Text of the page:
David Hicks, the Australian convicted of supporting terrorism by a US military court, has arrived home from Guantanamo Bay.
Hicks was taken directly to Yatala prison
He spent five years at the US detention centre in Cuba, and under a deal with prosecutors will serve only seven more months of a seven-year sentence.
He admitted training with al-Qaeda in Afghanistan in 2001, but denied any prior knowledge of the 9/11 attacks.
The 31-year-old will serve his sentence in Yatala prison near Adelaide.
A prison van was waiting for him at the air force base outside Adelaide where his plane landed at 0950 (0020 GMT).
He had been flown from Guantanamo Bay in a jet chartered by the Australian government, in the custody of Australian prison officers and police, accompanied by his lawyer.
The plane had to fly via Mexico as the United States refused to allow it to enter American airspace.
"Mr Hicks is now in the custody of the South Australian correctional services," said Australia's Attorney General Philip Ruddock.
"If people train with terrorist organisations, and that training to learn how to attack civilian populations ... we regard them as very serious issues," he said.
Hicks' imprisonment for five years without trial offended a basic sense of Australian fair play and the government of Prime Minister John Howard came under enormous public pressure to secure his release, says the BBC's Nick Bryant in Sydney.
But Foreign Minster Alexander Downer stressed that Hicks had been involved with a violent organisation.
"This is somebody who was not just passing through Afghanistan on a backpacker's holiday and happened to meet someone from al-Qaeda and just said g'day to him," Mr Downer said.
Hicks' lawyer said that his client was very happy to be back in Australia.
"He visibly was elated when we touched down," said David McLeod, who travelled with him.
Hicks' father, Terry, who has campaigned for his son's release, said that David would be "over the moon".
He added that he remained sceptical about his son's deal with the US authorities.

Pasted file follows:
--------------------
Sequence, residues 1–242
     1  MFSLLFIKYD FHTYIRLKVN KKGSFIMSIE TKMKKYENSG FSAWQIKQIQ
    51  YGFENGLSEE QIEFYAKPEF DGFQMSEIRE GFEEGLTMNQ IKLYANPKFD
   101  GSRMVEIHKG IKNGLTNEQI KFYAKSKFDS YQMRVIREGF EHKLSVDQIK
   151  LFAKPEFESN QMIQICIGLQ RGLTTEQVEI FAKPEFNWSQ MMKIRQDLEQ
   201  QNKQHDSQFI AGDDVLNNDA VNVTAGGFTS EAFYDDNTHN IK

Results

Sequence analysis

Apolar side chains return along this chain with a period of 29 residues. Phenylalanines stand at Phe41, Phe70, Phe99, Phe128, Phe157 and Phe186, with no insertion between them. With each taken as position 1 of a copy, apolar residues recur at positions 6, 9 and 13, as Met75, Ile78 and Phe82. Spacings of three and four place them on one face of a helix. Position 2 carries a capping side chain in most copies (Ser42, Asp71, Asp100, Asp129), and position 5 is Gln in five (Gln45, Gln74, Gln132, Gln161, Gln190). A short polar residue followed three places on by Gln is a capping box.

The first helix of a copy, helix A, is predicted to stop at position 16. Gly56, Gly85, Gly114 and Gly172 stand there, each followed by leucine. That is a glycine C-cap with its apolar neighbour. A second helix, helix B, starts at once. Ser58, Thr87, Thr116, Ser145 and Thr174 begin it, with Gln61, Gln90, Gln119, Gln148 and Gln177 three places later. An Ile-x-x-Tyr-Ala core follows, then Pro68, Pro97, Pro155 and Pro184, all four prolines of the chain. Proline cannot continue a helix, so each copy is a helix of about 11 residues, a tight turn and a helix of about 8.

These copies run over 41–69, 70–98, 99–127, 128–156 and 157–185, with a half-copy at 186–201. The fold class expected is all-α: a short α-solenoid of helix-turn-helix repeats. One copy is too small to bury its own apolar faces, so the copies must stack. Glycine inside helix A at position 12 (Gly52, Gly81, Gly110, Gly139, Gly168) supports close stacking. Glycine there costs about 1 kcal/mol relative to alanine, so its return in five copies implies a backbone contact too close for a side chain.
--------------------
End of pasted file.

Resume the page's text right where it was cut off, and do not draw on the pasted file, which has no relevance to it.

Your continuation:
"As far as I'm concerned, he's been coerced into all this," said Terry Hicks.
David Hicks was arrested by US forces in Afghanistan in 2001 and spent five years at Guantanamo Bay, much of it without charge and in solitary confinement.
He eventually became the first inmate from the camp to be convicted of terror charges.
Many Australians disagree with the way Hicks has been treated
He pleaded guilty before a military commission in March to providing material support for terrorism.
He admitted he had very briefly fought Western troops in Afghanistan at the end of 2001, before selling his gun and trying to escape by taxi to neighbouring Pakistan.
Under the terms of his plea bargain, he was allowed to serve out the rest of his time in prison in Australia.
He will be held in a high-security wing at Yatala prison, where he is expected to have little contact with other prisoners.
His telephone calls will be monitored and he will only be allowed non-contact visits.
Hicks also agreed to withdraw claims that he had been mistreated at Guantanamo Bay and promised not to speak to the press for a year.
However, the attorney general said that such a ban appeared to be unenforceable under Australian law.
"We are of the view that he's free - once he has concluded his penal servitude - to speak as he wishes, but not to profit," said Mr Ruddock.
Under Australian law, convicted criminals cannot sell their stories to the media.